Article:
Solenoid Valves Controlled By USB?... Help Needed

Discussion in 'Embedded Systems and Microcontrollers' started by timpickup1, Apr 2, 2015.

  1. timpickup1

    Thread Starter New Member

    Apr 2, 2015
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    Hi All,

    I am very new to this. I have a project idea for work and i need help figuring out the software and electrontic elements to this.

    I would like to have 6x Solenoid Valves linked at a Computer which can be controlled from the computer using software such as Scratch (Open to other options). I would like all 6 solenoid valves to be connected via one USB slot and then from there the program to choose which one to open. The idea is for the solenoid valve to open to release liquid. An example of the basic function i want it to do is:

    Open Solenoid 1
    Wait 5 Seconds
    Close Solenoid 1
    Open Solenoid 4
    Wait 12 Seconds
    Close Solenoid 4.

    Is this at all possible and if so what do i need to do to be able to control the solenoid valves independtly from the computer.

    I am 18 and have limited knowledge about electrontics... Therefore simple language would be greatly appriciated. Please Help.

    Thanks,

    Tim
     
  2. ErnieM

    AAC Fanatic!

    Apr 24, 2011
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    This is very possible and not very complicated. Several manufacturers produce ready to go USB to serial chips, such as Future Technology Devices Inc (FTDI) or Microchip just to name the two on top of my head. If you want a complete solution there are ready to go boards in housing available again from many sources (National Instruments being one I know but is very $$$).

    If no one bangs back with specific product recomendations I can search some later. EBay from China should get you something good (I just can't access them from where I am now).
     
  3. MaxHeadRoom

    Expert

    Jul 18, 2013
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    First you need to find out or specify a voltage/current DC/AC etc rating for the solenoids you have in mind.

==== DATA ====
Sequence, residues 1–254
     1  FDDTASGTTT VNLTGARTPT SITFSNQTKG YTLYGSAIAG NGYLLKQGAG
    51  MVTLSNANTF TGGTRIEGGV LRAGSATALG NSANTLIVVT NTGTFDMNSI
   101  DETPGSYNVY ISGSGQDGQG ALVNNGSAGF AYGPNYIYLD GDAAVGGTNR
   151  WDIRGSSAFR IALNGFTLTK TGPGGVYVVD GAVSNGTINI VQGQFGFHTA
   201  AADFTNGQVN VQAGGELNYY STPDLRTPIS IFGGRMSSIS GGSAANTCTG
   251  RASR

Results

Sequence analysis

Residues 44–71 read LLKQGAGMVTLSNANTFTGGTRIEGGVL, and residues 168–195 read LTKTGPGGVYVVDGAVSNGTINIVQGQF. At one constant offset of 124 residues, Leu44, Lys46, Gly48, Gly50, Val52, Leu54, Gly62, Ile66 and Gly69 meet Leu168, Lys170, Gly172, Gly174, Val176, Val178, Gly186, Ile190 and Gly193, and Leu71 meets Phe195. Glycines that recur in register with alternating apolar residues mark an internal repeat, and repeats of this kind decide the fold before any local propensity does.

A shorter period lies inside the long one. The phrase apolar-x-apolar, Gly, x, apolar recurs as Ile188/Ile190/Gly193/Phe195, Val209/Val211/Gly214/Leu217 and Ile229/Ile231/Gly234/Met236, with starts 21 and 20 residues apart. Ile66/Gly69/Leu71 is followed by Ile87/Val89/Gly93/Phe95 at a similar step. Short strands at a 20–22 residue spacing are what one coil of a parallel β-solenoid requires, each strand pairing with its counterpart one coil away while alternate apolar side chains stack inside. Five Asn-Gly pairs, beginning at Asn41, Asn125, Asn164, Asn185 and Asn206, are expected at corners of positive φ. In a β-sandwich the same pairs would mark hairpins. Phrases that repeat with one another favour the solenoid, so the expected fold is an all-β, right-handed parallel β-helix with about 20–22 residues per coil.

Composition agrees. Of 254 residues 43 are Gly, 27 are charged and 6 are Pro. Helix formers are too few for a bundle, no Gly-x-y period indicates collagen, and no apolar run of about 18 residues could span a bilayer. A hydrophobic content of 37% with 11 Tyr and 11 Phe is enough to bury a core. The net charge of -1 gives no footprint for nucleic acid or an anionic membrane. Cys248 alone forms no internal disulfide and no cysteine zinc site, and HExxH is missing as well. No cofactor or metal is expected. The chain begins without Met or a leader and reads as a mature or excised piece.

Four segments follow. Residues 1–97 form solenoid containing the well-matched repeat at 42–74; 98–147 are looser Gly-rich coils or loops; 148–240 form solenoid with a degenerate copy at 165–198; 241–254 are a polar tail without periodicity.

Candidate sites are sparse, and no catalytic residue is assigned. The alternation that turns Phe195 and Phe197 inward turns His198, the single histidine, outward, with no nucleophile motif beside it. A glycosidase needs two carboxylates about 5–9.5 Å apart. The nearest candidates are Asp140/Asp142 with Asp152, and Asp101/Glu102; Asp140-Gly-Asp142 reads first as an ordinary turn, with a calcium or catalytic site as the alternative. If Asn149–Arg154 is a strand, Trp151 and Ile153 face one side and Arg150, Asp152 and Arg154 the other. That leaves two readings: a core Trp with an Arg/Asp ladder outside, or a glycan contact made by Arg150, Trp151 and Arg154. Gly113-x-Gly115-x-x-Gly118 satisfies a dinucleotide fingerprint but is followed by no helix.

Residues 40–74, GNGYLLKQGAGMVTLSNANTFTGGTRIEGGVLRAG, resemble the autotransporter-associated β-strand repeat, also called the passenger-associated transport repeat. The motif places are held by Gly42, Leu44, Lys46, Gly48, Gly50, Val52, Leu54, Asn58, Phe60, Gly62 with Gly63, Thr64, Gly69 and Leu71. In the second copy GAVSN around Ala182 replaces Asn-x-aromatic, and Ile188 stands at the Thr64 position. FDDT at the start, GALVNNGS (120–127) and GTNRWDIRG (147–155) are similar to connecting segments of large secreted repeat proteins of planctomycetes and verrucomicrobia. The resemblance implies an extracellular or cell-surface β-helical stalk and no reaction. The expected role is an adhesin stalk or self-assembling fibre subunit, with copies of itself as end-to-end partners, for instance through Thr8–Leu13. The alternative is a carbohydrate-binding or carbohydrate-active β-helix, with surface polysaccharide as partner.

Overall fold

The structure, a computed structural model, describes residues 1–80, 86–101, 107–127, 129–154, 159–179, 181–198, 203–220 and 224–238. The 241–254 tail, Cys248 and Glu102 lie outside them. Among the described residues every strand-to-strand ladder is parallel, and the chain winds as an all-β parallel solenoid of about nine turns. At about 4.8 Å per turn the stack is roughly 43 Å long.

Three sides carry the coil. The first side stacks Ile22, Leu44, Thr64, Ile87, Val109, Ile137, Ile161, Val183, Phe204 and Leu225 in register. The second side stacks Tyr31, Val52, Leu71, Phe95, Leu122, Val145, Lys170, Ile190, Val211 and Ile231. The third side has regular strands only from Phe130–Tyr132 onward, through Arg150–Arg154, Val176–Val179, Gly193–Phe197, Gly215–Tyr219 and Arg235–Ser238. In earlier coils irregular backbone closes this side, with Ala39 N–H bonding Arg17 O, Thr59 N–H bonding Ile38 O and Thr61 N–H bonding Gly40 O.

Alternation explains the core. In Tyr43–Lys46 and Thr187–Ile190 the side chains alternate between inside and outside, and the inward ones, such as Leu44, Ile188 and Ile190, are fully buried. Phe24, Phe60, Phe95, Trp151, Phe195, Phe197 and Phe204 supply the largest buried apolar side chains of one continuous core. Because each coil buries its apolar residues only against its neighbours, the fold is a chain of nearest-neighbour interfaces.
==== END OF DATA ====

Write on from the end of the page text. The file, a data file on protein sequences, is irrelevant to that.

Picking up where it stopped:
What is the degree of control you need? Automatic or semi-automatic?
    Max.
     
  4. timpickup1

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    Apr 2, 2015
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    Last edited: Apr 2, 2015
  5. MaxHeadRoom

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    Do you really need PC control? Do you need a full HMI or just simple start/stop etc.
    There are a few options without going to the need for a PC, such as Smart Relay, which has multiple counter/timers and a simple HMI.
    There is a discrete IC's which will require deeper circuit design, and then also a small Microprocessor design.
    A PC is a bit of a large stick to to tackle what appears to be a simple project.
    Max.
     
  6. timpickup1

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    Apr 2, 2015
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    I thought i would need a computer as there will be multiple sequences on the program...

    For example, one of the sequences may be Open Solenoids 1,4 and 6. But another may be open 2,3,5...

    I didn't think this was possible without a computer.

    The application of this is a drinks machine where the contents would be changed. My idea was that the computer would hold the program files for different drinks in a folder and when clicked the programmed sequence for that program would open the solenoids designated by the code...